The coronavirus may have infected 10 times more Americans than was reported, according to the CDC.

WASHINGTON (Reuters) – Government experts believe more than 20 million Americans could have contracted the coronavirus, 10 times more than official counts, indicating that many people without symptoms have or have had the disease, senior administration officials said .

The estimate, from the Centers for Disease Control and Prevention, is based on serology tests used to determine the presence of antibodies that show whether an individual has had the disease, officials said.

Officials, speaking to a small group of reporters on Wednesday night, said the estimate was based on the number of known cases, between 2.3 million and 2.4 million, multiplied by the average rate of antibodies seen in serology tests, approximately an average of 10 to 1.

“If you multiply the cases by that proportion, that’s where you get that figure of 20 million,” said an official.

If true, the estimate would suggest that the percentage of deaths in the United States from the disease is lower than previously thought. More than 120,000 Americans have died from the disease since the pandemic erupted earlier this year.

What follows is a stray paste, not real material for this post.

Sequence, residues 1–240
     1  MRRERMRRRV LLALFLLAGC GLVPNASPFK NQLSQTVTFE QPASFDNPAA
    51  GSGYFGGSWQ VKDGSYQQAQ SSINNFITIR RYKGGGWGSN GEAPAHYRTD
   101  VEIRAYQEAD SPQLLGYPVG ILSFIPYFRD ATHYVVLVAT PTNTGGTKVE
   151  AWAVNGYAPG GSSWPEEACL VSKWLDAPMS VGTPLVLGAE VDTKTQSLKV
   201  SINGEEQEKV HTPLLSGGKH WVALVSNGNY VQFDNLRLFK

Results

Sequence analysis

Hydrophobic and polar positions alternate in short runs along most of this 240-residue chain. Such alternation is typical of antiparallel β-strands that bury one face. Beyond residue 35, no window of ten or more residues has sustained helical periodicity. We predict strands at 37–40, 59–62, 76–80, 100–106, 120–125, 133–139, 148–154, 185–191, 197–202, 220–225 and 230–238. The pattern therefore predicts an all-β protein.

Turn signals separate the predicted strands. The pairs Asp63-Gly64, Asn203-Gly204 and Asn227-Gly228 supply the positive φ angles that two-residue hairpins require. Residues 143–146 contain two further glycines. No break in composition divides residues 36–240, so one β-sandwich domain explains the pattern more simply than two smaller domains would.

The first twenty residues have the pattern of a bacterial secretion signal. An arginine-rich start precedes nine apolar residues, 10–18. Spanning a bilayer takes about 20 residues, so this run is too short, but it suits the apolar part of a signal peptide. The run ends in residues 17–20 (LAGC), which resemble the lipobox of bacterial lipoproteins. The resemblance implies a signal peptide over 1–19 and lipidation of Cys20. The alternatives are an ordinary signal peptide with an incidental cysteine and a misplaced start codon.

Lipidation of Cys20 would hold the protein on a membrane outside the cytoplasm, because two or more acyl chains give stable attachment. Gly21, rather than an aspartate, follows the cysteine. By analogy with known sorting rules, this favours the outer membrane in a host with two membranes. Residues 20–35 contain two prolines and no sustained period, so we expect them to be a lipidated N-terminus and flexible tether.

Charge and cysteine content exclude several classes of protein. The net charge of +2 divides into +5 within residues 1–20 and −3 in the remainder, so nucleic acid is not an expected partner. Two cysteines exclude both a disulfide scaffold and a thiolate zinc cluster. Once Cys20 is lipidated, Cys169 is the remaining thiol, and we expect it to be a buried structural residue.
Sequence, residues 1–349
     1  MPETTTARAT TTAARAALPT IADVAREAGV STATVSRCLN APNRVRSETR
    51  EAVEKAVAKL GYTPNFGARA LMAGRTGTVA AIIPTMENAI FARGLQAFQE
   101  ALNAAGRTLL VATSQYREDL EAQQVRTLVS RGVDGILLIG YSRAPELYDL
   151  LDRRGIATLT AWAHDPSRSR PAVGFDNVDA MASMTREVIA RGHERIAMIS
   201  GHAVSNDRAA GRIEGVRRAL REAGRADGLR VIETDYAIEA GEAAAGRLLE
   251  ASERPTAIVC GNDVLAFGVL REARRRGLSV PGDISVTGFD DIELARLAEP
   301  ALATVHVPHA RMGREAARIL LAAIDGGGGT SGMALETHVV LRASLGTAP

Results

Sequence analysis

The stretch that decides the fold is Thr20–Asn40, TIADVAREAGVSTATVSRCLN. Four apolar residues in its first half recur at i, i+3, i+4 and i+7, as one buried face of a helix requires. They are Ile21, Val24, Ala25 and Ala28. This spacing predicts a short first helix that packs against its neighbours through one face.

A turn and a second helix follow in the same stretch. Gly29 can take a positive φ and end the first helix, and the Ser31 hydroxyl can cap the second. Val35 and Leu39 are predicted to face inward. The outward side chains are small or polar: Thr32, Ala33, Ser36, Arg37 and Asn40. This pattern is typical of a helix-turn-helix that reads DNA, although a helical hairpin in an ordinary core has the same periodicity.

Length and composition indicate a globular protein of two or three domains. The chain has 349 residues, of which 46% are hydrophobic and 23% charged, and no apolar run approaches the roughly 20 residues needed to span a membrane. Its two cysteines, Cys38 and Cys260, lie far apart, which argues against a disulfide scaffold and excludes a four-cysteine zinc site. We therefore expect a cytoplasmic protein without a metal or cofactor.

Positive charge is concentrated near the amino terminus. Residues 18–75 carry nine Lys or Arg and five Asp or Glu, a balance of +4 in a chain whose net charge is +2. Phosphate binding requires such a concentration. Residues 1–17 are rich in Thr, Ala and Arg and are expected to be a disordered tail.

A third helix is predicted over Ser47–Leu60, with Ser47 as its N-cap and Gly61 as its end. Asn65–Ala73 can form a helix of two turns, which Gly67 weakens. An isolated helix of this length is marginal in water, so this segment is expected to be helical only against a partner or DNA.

The estimate comes when government officials point out that many new cases are appearing in young people who don’t show symptoms and may not know they have them.

Authorities said youth without symptoms, but who are in regular contact with vulnerable populations, should be proactively tested to make sure they don’t spread.

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“We have heard from Florida and Texas that about half of the new cases that are reported are people under the age of 35, and many of them are asymptomatic,” said an official.

The CDC has dispatched 40 response teams to help deal with the outbreaks, they said.

More than 36,000 new cases of COVID-19 were reported across the country on Wednesday, just below the record of 36,426 on April 24, concentrated in states that got rid of the worst part of the initial outbreak or moved early to lift the restrictions designed to stop the spread of the virus. .

Report from Steve Holland; Editing by Lisa Shumaker

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